After a mini-reunion with Chicago Med, Dr. Will Halstead informs Casey that anyone who has a head injury of his should see a neurologist. Casey lied to him saying it was for a friend but is now claiming that the symptoms of the injury are gone. Casey also decides to meet up with a neurologist to get a diagnosis, and Sylvie agrees to go with him, possibly giving the Sylvie/Casey story a breath of fresh air.

I’ve complained about it a lot throughout this season, but I will say, the show has done a better job in the later episodes of the season with managing all the storylines. Rather than giving some storylines more screen time than others, there was a fair amount for all so that no details were lost. There were even some instances that scenes blended together with the storylines instead of a scene break. It’s been my biggest criticism of the season, and it seems that after a COVID season, the writers needed to take the time to recuperate, and I think that they have recovered nicely. They have done a great job of letting the audience know which story is more important compared to other weeks.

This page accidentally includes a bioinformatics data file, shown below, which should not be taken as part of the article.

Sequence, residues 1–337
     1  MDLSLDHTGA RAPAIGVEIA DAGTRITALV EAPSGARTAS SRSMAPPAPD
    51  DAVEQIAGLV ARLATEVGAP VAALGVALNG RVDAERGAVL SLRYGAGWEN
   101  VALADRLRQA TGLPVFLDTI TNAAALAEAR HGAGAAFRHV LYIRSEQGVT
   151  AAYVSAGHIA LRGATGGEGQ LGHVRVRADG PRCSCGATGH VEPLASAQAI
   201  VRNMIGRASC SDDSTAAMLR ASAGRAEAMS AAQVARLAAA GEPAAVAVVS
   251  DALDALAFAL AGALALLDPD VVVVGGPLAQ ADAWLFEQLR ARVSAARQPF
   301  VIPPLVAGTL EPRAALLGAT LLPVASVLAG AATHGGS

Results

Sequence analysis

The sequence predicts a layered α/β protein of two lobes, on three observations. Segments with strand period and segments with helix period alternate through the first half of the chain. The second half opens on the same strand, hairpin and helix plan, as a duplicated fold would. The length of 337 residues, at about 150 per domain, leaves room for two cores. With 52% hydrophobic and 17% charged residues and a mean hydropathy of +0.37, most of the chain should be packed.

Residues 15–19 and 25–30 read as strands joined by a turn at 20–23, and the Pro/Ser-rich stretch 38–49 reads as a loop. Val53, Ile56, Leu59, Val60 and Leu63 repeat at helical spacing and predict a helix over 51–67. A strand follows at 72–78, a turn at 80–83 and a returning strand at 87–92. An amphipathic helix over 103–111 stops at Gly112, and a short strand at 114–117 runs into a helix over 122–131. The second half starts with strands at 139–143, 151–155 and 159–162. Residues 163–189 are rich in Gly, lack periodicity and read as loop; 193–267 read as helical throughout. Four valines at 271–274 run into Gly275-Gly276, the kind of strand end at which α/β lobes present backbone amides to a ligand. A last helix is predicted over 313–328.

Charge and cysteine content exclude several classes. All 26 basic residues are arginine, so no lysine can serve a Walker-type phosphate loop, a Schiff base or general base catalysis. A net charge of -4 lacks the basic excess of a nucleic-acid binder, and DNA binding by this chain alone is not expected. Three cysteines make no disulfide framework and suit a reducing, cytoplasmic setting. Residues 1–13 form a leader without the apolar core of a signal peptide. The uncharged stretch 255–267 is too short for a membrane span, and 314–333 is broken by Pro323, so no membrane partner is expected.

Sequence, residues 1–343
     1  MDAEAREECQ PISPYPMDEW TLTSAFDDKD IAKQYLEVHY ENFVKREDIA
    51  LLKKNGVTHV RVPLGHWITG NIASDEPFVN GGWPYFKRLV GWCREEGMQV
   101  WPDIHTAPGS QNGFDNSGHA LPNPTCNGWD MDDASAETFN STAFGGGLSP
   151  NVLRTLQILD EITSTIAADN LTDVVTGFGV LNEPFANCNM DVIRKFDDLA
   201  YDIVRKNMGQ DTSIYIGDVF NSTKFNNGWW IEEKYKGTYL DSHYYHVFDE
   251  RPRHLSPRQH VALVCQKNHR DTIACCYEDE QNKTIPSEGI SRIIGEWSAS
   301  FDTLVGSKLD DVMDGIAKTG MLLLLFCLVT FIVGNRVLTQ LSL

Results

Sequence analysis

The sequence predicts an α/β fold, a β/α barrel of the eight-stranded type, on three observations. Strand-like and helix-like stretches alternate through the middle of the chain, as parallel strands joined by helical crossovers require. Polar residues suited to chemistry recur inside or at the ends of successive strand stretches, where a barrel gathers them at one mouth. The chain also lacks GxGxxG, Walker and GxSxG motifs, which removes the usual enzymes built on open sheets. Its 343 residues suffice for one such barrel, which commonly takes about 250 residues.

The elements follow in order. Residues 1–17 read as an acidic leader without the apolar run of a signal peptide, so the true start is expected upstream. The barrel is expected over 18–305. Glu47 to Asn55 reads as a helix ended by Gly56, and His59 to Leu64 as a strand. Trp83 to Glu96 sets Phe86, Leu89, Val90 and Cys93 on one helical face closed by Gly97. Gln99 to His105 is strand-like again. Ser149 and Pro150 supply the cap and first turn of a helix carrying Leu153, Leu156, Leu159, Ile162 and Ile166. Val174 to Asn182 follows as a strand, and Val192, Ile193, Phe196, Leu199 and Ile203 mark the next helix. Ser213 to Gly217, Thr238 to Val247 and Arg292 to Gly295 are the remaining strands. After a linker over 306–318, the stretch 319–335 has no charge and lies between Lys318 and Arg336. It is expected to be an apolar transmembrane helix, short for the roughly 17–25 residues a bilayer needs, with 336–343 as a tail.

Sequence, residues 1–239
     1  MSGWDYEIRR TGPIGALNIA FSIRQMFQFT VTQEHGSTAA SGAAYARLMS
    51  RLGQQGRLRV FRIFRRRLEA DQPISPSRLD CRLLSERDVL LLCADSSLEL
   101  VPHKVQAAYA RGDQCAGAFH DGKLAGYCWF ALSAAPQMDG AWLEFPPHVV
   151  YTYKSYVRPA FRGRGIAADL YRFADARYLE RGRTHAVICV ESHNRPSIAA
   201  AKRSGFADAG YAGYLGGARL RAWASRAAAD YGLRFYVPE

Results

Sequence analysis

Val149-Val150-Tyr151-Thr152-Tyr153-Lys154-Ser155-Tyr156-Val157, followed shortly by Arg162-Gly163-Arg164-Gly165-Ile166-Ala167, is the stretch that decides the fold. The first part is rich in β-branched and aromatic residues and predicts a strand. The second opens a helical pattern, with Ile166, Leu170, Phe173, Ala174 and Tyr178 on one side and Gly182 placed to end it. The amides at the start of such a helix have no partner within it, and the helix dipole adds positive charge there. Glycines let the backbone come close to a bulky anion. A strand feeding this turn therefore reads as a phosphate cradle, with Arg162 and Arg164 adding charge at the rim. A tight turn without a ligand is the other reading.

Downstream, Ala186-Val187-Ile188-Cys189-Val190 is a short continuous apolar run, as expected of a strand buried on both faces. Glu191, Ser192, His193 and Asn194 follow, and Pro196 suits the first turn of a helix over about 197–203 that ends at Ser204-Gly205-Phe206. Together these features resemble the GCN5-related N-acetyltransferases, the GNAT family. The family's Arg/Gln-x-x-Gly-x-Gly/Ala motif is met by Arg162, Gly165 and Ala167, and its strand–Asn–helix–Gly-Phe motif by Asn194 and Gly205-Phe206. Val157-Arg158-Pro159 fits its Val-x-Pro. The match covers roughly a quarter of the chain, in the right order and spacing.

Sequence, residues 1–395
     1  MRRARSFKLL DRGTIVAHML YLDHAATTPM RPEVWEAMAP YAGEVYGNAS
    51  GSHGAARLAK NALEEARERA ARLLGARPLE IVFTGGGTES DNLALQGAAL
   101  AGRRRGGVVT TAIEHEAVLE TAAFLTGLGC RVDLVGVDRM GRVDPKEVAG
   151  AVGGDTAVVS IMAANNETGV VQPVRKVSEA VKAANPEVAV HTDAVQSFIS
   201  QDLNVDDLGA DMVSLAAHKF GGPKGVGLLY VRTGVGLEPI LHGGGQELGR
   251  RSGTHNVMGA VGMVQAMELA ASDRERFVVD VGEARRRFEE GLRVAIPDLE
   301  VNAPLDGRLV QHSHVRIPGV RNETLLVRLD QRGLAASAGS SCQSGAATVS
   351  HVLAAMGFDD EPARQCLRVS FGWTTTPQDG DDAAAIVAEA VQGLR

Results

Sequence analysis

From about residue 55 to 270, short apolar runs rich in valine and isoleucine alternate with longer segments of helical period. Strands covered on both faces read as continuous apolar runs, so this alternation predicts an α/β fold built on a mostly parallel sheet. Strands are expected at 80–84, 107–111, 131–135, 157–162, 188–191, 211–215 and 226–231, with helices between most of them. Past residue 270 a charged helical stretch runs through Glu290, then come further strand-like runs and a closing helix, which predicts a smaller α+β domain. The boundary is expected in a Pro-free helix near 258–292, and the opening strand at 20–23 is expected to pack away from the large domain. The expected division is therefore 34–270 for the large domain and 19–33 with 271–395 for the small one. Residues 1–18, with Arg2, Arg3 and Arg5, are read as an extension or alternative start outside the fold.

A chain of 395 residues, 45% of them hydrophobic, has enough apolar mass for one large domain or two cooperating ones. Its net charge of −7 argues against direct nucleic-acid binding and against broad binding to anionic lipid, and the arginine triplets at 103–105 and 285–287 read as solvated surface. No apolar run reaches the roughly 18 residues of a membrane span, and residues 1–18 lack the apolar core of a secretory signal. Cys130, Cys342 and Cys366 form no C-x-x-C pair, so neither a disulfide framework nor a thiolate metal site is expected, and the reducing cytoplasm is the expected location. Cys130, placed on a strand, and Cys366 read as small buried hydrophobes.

That said, I still have a small hunch that unless there is a medical miracle, Matt Casey will be departing the show or be forced on the sidelines for a while. He says his headaches are gone, but those come and go depending on the day.

And I don’t know about you, but “Severide the teacher” was VERY entertaining and I hope this can be expanded in the future. I think it would be great for his character for him to teach some classes and the future of the Chicago Fire Department.

We’re nearing the end of the season!

What did you think of tonight’s episode? Would you trust Severide to teach you the ways of the Chicago Fire Department? Would you let Herrmann set you up with someone in his wife’s book club? Leave a comment below!


Continue Reading
Advertisement

Trending